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Change Concept 6: Secondary AV Fistula Placement in Patients with AV Grafts


Evaluate graft patients for placement of a secondary AV fistula. Staff should consider every graft patient a candidate for an AV fistula and should evaluate each patient for an AV fistula before the graft fails. In this way, a plan will be in place for providing the patient with an AV fistula when the graft begins to fail. This avoids the need for a catheter or missing an AV fistula opportunity when the graft fails and there is urgency for an immediate usable access. Note particularly that the outflow vein from a graft is an already matured arterialized vein that could be connected and used right away.

  • Nephrologists evaluate every AV graft patient for possible secondary AV fistula conversion, including mapping as indicated, and document the plan in the patient’s record.
  • Dialysis facility staff and/or rounding nephrologists examine outflow vein of all graft patients (“sleeves up”) during dialysis treatments (minimum frequency, monthly). Identify patients who may be suitable for elective secondary AVF conversion in upper arm and inform nephrologist of suitable outflow vein.
  • Nephrologists refer to surgeon for placement of secondary AVF before failure of AVG.

Changes for Improvement

Evaluate Every AV Graft Patient for Possible Secondary AVF

Nephrologists should evaluate every arteriovenous (AV) graft patient for possible placement of a secondary AV fistula, including mapping as indicated, and document the plan in the patient’s record. AV fistula evaluation of graft patients should include an updated history relevant to vascular access, physical exam with tourniquet, and vessel mapping if suitable vessels are not identified on physical exam. A secondary AV fistula plan should be documented in the chart and discussed with the patient, family, staff, and nephrologists and surgeon in anticipation of AV fistula construction on the earliest evidence of graft failure.

Examine the Outflow Vein of All Forearm Graft Patients to Identify Suitable Veins for Secondary AVF

Dialysis facility staff and/or rounding nephrologists should examine the outflow vein of all forearm graft patients during dialysis treatments (with a recommended minimum frequency of at least monthly) to identify patients who may have a suitable upper outflow vein for elective secondary AV fistula conversion in the upper arm. If such a suitable vein is found, dialysis facility staff and/or rounding nephrologists should inform the patient’s nephrologist and surgeon of the need to evaluate the identified outflow vein for AV fistula conversion.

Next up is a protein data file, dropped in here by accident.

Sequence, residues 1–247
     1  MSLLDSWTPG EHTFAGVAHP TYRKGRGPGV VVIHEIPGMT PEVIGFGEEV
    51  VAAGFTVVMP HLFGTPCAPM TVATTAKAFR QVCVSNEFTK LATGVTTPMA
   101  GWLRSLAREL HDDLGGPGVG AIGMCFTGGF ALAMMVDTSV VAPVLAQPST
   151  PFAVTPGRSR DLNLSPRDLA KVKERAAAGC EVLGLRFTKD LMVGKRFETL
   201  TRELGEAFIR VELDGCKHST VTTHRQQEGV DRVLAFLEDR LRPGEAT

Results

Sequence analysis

Refer to the Surgeon for Evaluation/Placement of Secondary AVF before the Graft Fails

Patients with an AV graft should be evaluated (including vessel mapping) for an AV fistula when the graft shows evidence of dysfunction by monitoring and surveillance. The timing of such surgical intervention to convert the outflow vein of an existing AV graft to an AV fistula, or to construct a new AV fistula in a new location, assuming suitable vessels, should be as soon as feasible but not later than following an intervention for thrombosis or clinically significant stenosis. Any delay in conversion beyond this point is likely to result in loss of the window of opportunity for an AV fistula, since further graft interventions, especially if done as an emergency, are likely to damage or utilize the outflow vein, or the graft will eventually be abandoned (usually after a failed intervention), resulting in a catheter and a new graft in a different location.


“Sleeves Up” Protocol to Convert Forearm AV Graft to Upper-Arm AV Fistula

From: Fistula First Breakthrough Initiative Tools and Resources Working Group with assistance from Lawrence M. Spergel, MD, FACS, Dialysis Management Medical Group

This protocol is used to identify a suitable outflow vein to convert a forearm arteriovenous (AV) graft to an upper-arm AV fistula, in anticipation of secondary AV fistula construction by the surgeon.

An effective strategy for increasing arteriovenous (AV) fistula prevalence is the planning and construction of AV fistulae in existing AV graft patients prior to graft failure. Although the primary access may currently be a graft, all graft patients should be evaluated and considered (where feasible) for an AV fistula as their next permanent access (secondary AV fistula).

Although evaluation for a secondary AV fistula may require bilateral vessel mapping to identify a suitable vein and artery for AV fistula construction, the simplest opportunity to convert a graft patient to a fistula patient, when present, is the conversion of an arterialized (mature) upper-arm outflow vein of a forearm graft to a direct upper-arm AV fistula. Such a conversion opportunity should be looked for and considered in all forearm graft patients.

“Sleeves Up” Checklist

Checklist for Access Managers